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Explainable Machine Learning Models of Consumer Credit Risk (Working Paper)2022
In this paper, we create machine learning (ML) models to forecast home equity credit risk for individuals using a real-world dataset and demonstrate methods to explain the output of these ML models to make them more accessible to the end-user. We analyze the explainability of these models for various stakeholders: loan companies, regulators, loan applicants, and data scientists, incorporating their different requirements with respect to explanations. For loan companies, we generate explanations for every model prediction of creditworthiness. For regulators, we perform a stress test for extreme scenarios. For loan applicants, we generate diverse counterfactuals to guide them with steps to reverse the model's classification. Finally, for data scientists, we generate simple rules that accurately explain 70-72% of the dataset. Our work is intended to accelerate the adoption of ML techniques in domains that would benefit from explanations of their predictions.
Algorithmic Models of Investor Behavior2021
We propose a heuristic approach to modeling investor behavior by simulating combinations of simpler systematic investment strategies associated with well-known behavioral biases—in functional forms motivated by an extensive review of the behavioral finance literature—using parameters calibrated from historical data. We compute the investment performance of these heuristics individually and in pairwise combinations using both simulated and historical asset-class returns. The mean-reversion or momentum nature of a heuristic can often explain its effect on performance, depending on whether asset returns are consistent with such dynamics. These algorithms show that seemingly irrational investor behavior may, in fact, have been shaped by evolutionary forces and can be effective in certain environments and maladaptive in others.
SCRAM: A Platform for Securely Measuring Cyber Risk2020
We develop a new cryptographic platform called SCRAM (Secure Cyber Risk Aggregation and Measurement) that allows multiple entities to compute aggregate cyber-risk measures without requiring any entity to disclose its own sensitive data on cyberattacks, penetrations, and losses. Using the SCRAM platform, we present results from two computations in a pilot study with six large private-sector companies: (1) benchmarks of the adoption rates of 171 critical security measures and (2) links between monetary losses from 49 security incidents and the specific sub-control failures implicated in each incident. These results provide insight into problematic cyber-risk-control areas that need additional scrutiny and/or investment, but in a completely anonymized and privacy-preserving way.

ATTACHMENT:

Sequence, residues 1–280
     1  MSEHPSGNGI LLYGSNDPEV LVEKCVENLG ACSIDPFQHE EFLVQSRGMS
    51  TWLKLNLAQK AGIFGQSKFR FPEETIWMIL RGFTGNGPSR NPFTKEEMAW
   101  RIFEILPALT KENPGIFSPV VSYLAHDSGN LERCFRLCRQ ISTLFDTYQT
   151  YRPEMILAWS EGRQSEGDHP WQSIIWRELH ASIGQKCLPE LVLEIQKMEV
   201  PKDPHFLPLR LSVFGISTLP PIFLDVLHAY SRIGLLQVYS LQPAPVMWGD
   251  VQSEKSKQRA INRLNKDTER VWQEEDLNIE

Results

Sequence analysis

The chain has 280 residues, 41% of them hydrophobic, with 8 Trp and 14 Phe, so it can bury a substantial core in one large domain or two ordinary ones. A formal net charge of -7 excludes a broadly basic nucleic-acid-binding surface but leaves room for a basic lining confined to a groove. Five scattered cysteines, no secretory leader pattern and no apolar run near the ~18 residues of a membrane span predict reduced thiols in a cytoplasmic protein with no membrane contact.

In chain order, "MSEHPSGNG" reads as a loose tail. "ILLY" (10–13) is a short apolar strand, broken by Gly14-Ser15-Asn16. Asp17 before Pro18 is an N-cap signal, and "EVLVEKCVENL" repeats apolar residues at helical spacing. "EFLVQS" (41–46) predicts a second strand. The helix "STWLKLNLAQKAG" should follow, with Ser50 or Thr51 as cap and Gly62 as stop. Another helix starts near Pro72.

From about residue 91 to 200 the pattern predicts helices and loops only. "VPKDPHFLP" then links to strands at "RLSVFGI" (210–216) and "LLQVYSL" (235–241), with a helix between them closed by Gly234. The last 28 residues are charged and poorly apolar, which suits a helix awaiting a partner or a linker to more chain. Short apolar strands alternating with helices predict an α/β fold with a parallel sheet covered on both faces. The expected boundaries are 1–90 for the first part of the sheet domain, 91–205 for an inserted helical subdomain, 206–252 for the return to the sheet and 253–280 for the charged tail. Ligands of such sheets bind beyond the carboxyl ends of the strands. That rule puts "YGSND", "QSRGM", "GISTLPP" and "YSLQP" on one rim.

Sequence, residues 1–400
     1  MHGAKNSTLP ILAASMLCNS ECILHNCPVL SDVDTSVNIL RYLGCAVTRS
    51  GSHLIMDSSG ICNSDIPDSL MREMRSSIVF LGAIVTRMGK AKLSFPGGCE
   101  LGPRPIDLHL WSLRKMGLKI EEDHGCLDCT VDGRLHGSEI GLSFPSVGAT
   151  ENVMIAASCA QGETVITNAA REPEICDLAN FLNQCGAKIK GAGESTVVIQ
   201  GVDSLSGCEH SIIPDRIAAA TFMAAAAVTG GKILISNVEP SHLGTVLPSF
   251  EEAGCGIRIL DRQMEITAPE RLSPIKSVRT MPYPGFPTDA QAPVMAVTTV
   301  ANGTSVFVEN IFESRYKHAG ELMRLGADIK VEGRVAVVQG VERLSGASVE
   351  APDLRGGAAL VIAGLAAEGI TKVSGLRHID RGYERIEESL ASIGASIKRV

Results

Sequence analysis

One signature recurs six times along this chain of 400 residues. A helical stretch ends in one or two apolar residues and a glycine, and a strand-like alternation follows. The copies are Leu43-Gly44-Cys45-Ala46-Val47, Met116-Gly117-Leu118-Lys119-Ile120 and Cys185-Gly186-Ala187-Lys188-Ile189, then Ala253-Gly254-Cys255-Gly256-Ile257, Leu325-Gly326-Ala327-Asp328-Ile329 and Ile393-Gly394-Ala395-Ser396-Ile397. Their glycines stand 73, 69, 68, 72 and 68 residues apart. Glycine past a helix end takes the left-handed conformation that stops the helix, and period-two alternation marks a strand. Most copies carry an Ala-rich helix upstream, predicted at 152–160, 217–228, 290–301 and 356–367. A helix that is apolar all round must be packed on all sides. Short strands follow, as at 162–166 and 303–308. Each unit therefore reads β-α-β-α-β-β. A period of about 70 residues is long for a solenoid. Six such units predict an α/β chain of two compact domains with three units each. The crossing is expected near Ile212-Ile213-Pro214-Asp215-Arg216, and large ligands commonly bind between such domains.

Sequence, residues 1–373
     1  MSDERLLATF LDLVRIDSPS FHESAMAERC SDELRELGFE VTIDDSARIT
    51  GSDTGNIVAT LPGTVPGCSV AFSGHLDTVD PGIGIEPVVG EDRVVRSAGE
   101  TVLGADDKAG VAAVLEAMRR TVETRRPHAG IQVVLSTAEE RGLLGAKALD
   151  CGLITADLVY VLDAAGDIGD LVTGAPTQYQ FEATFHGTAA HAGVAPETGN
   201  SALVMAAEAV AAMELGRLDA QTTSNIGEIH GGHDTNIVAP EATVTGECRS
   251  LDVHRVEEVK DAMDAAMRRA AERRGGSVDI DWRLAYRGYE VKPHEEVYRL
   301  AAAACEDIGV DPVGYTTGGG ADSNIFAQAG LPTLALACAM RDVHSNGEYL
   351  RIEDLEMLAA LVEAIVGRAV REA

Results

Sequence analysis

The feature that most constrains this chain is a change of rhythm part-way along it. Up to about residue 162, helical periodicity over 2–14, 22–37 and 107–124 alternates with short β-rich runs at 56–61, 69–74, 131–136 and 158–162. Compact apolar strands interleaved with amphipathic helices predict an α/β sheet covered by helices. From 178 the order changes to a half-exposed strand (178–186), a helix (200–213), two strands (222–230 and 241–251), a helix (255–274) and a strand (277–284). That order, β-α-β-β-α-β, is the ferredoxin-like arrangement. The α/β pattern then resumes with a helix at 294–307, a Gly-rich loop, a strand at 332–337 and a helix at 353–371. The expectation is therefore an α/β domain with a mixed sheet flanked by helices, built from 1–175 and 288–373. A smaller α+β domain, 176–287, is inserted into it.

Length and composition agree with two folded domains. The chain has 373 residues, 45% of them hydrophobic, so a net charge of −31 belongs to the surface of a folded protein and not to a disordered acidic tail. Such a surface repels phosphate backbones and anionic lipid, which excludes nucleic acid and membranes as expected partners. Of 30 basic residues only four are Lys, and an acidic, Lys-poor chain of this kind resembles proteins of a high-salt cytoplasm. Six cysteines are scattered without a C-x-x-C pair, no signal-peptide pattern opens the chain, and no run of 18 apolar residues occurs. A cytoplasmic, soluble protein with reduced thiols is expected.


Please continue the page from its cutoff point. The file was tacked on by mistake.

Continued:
Why Artificial Intelligence May Not Be As Useful or As Challenging As Artificial Stupidity2019
A commentary on the article, "Artificial Intelligence—The Revolution Hasn’t Happened Yet" by Michael I. Jordan, published by Harvard Data Science Review (July 2019).
Estimation of Clinical Trial Success Rates and Related Parameters2019
Previous estimates of drug development success rates rely on relatively small samples from databases curated by the pharmaceutical industry and are subject to potential selection biases. Using a sample of 406,038 entries of clinical trial data for over 21,143 compounds from January 1, 2000 to October 31, 2015, we estimate aggregate clinical trial success rates and durations. We also compute disaggregated estimates across several trial features including disease type, clinical phase, industry or academic sponsor, biomarker presence, lead indication status, and time. In several cases, our results differ significantly in detail from widely cited statistics. For example, oncology has a 3.4% success rate in our sample vs. 5.1% in prior studies. However, after declining to 1.7% in 2012, this rate has improved to 2.5% and 8.3% in 2014 and 2015, respectively. In addition, trials that use biomarkers in patient-selection have higher overall success probabilities than trials without biomarkers.
If Liberal Democracies Can Resist the Urge to Micromanage the Economy, Big Data Could Catalyze a New Capitalism2018